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painted lady butterfly butterflies learn about painted ladies


Painted Lady on Lavatera maritima (Tree Mallow)

What is the Painted Lady?

The Painted Lady (Vanessa cardui) butterfly is a small- to medium-sized butterfly commonly found throughout the world, except on Antarctica and with limited range on Australia. It is known as the 'Cosmopolitan Butterfly' or 'Thistle Butterfly' because it is found in so many locales and because it is often found on its oft-used host plant, the Thistle.

If you have ever purchased or receoved a butterfly 'kit' then the butterfly you received was the Painted Lady! Yep, that's right! So, you are already familiar with this darling butterfly and you didn't even realize it…(Insectlore sells their Butterfly Garden and Butterfly Pavilion kits, pictured at the left, with either certificates to mail in for the larvae or come with them when ordered online).


The Vanessa cardui is a small- to medium-sized butterfly, with a wingspan no wider than about 2.875", in the Brush-foot or Nymphalidae family. If you look super closely at the adult butterfly, you will see that it appears to only have FOUR legs. Why? This is because the first two legs are a bit smaller and are often not even noticeable! (This is what makes them part of what's called the 'brush-foot' group.)

In this picture, it appears the butterfly has just four legs (although you can't see that 4th leg, you know it is there behind the wings). Those first two 'brushfeet) are pulled up against its thorax.


In this enlarged picture, you can actually spot the two forelegs. The two legs are pulled up close to the thorax, just under the butterfly's head. They almost appear as furry hooks…

You can also easily see the proboscis as it is unfurled as this lovely butterfly drinks one of its favourites… California Navel Orange 'juice.' A butterfly's proboscis is like a straw. Butterflies get all of their main nutrients when they are caterpillars; as adults, the 'nectar' they sip is generally for an extra energy boost for flying or in the case of the male, to help with gathering the necessary nutrients for mating purposes.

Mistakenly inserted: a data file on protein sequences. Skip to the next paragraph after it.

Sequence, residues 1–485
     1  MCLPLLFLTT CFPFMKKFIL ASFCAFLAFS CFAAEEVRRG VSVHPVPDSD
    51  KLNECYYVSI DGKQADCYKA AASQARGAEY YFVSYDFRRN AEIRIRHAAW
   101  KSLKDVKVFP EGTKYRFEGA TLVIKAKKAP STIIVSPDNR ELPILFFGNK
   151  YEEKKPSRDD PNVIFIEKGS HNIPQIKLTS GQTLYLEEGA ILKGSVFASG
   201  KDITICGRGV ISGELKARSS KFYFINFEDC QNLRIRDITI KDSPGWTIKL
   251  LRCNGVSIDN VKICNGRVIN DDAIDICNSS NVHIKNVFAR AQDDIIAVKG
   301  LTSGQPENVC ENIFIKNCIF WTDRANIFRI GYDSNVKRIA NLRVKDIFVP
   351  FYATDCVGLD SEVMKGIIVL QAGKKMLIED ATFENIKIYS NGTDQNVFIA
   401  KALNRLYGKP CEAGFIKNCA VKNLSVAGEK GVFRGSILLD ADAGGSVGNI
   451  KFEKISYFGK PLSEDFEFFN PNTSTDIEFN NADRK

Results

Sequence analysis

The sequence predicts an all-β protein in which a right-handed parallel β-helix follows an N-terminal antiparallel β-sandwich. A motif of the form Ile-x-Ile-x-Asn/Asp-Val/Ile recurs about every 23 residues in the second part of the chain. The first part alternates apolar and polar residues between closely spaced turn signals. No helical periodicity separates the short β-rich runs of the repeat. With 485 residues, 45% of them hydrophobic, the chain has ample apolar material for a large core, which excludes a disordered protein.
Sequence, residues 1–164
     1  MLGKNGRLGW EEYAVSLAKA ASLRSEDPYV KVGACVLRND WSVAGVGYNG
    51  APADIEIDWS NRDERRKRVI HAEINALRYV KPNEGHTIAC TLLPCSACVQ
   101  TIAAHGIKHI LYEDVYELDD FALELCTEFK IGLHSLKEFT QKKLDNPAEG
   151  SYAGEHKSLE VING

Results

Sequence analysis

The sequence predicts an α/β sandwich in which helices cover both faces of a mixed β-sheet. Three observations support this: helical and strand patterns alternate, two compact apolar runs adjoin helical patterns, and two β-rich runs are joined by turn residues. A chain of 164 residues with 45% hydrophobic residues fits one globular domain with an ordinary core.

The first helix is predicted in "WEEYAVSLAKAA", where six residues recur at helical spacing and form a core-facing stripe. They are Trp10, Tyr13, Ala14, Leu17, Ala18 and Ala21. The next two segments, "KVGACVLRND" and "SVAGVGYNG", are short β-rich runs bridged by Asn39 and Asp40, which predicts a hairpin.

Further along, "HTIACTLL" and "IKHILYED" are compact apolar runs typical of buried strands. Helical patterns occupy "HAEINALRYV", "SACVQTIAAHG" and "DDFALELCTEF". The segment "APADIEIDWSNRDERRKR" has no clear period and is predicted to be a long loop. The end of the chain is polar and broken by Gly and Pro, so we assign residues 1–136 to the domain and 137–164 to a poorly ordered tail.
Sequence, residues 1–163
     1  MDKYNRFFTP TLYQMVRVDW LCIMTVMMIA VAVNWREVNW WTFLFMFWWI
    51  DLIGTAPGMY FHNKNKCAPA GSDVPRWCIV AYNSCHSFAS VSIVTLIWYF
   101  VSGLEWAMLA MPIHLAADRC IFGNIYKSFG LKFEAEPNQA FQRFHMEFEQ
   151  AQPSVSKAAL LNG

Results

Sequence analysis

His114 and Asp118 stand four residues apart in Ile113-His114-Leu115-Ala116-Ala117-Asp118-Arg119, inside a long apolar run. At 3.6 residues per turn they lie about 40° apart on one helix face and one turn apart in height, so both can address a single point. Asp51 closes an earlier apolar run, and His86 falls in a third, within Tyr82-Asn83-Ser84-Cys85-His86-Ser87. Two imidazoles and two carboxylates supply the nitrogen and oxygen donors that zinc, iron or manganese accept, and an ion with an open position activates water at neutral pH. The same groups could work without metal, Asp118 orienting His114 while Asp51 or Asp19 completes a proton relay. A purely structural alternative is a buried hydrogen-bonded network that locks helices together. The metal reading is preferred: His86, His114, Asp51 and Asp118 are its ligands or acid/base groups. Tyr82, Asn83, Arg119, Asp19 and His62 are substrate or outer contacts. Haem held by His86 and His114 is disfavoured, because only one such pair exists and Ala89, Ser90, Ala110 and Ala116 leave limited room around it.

Can you see the little white dots at the end of its antennae? The antennae are sensors for 'smelling.'

How about the joints on each leg? If you look really closely, you might even be able to spot the little 'hooks' on the end of each leg…butterflies 'taste' with their 'feet.'


Despite the antennae for its sense of smell and its feet for its sense of taste, the Painted Lady, like most butterflies, do not have a good sense of sight. They rely on their senses of taste and smell to help them find the host plant. Fortunately, this butterfly has MANY host plants which is one of the reasons it is called the Cosmopolitan Butterfly.

The Vanessa cardui uses plants in the Malvaceae and Asteraceae family (and even some of the Fabaceae family which are the legumes) and, chances are, you have at least one of the plants growing in your own backyard. So, if you have Cheeseweed (which you've probably been pulling up in your backyard!) or grow Hollyhock flowers, then you have one of the host plants! Others include Thistle, Tree Mallow, Bush Mallow…


Now, you may be thinking, "Cheeseweed? What in the heck is Cheeseweed?" This particular 'weed' (Malva sylvestri) is one grows readily in Southern California yards in the springtime. Traditionally, after El Niño years, there tends to be a rapid growth of this particular plant, which means, there is an increase, all of a sudden, in the appearance of the Vanessa cardui butterfly!

Cheeseweed (in Spanish it is called Malva) looks a lot like Geranium…the leaves are sooooo similar that many folks don't realize that they are two different plants. This common host plant can be a nuisance in the garden but is wonderful for the Painted Lady butterfly as it provides a lot of opportunity for the butterflies to oviposit (lay eggs) and begin the life-cycle, once again.

assorted Painted Lady caterpillars on

©2010 Learn about Painted Lady butterflies

Sherry Skipper Spurgeon

©2010 Learn about Painted Ladies
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